A few days ago, the American think tank CSET estimated the chip manufacturing labor demand in the United States under the CHIPS Act, and whether labor must be imported from abroad. It is estimated that under the manufacturing incentives of the CHIPS Act, there may be insufficient domestic semiconductor talent in the United States. The evaluation also reveals that there is a need to import over 3,500 experienced and highly skilled foreign workers from abroad. Therefore, the think tank recommends that the United States formulate policies to introduce talents from Taiwan and South Korea.
CSET estimates that new US chip manufacturing plants may need to employ about 27,000 workers, stimulated by CHIPS Act incentives. There are three possible sources of these workers:
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- Other industries in the United States
- American academic institutions
- Foreign talents
Among them, other industries in the United States can meet the needs of certain lower-skilled positions in manufacturing plants. They can get positions such as inspectors, testers, sorters, etc. However, finding high-skilled jobs from other industries in the U.S. can be difficult and could adversely affect other sensitive industries. American academic institutions can meet the demand for highly skilled personnel in manufacturing plants to a certain extent, but they must undergo a lot of on-the-job training. In addition, about 67% of masters and 48% of semiconductor-related students in the United States are foreign students.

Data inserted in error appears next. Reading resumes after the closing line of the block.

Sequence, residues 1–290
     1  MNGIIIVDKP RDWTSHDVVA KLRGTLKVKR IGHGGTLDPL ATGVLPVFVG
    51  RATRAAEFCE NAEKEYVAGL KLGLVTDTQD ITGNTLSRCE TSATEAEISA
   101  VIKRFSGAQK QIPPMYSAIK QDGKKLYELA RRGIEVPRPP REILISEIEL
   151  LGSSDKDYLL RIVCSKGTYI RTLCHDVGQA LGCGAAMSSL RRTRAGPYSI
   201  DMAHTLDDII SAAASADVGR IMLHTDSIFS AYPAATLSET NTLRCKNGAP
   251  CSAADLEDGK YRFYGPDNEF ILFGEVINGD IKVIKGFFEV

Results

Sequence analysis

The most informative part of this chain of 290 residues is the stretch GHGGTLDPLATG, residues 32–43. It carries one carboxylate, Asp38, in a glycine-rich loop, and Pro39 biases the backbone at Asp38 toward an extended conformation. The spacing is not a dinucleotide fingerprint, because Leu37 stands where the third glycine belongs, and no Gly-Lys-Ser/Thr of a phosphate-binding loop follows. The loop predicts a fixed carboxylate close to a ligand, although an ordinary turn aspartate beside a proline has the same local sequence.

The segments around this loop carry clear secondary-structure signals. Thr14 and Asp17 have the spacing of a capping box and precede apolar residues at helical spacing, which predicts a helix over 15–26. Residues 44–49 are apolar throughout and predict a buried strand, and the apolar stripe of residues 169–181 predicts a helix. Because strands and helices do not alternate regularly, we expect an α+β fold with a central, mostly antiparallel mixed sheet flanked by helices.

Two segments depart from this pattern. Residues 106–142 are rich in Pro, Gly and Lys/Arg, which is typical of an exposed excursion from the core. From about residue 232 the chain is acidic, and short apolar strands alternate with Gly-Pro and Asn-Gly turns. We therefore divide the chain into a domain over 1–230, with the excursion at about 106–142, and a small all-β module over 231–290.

The U.S. will need only high-skilled personeels
As such, for high-skilled occupations, CSET expects high demand for overseas talent, totaling more than 3,500. “Ideally, many of the 3,500-plus foreign workers will be current employees of leading logic chip makers such as TSMC and Samsung,” the think tank said.
In order to successfully attract these overseas talents, the think tank proposes to increase visa pathways, especially for workers in Taiwan and South Korea. For example, the Korea Partnership Act would allocate 15,000 E-4 highly skilled work visas to South Koreans. Also, amending the Act to cover Taiwanese workers would be an effective way to achieve this goal.
The U.S. is trying all it can to ensure that it is not dependent on any country. However, achieving self-sufficiency will not be easy. It will also be very expensive, a commitment that the U.S. may not be willing to make. When it comes to semiconductors, TSMC and Samsung are at the top echelon. This is exactly why these companies will be a target for the U.S. Nevertheless, this will not be happening anytime soon. It will take some time for the country to complete the process.
Yup, the US is not as "democratic" as they say they are. Its more like, it's ok for them but its not ok for others. They don't practice what they preach. Deep dive into US domestic and international policies and you'll uncover the truth if you are willing to see it.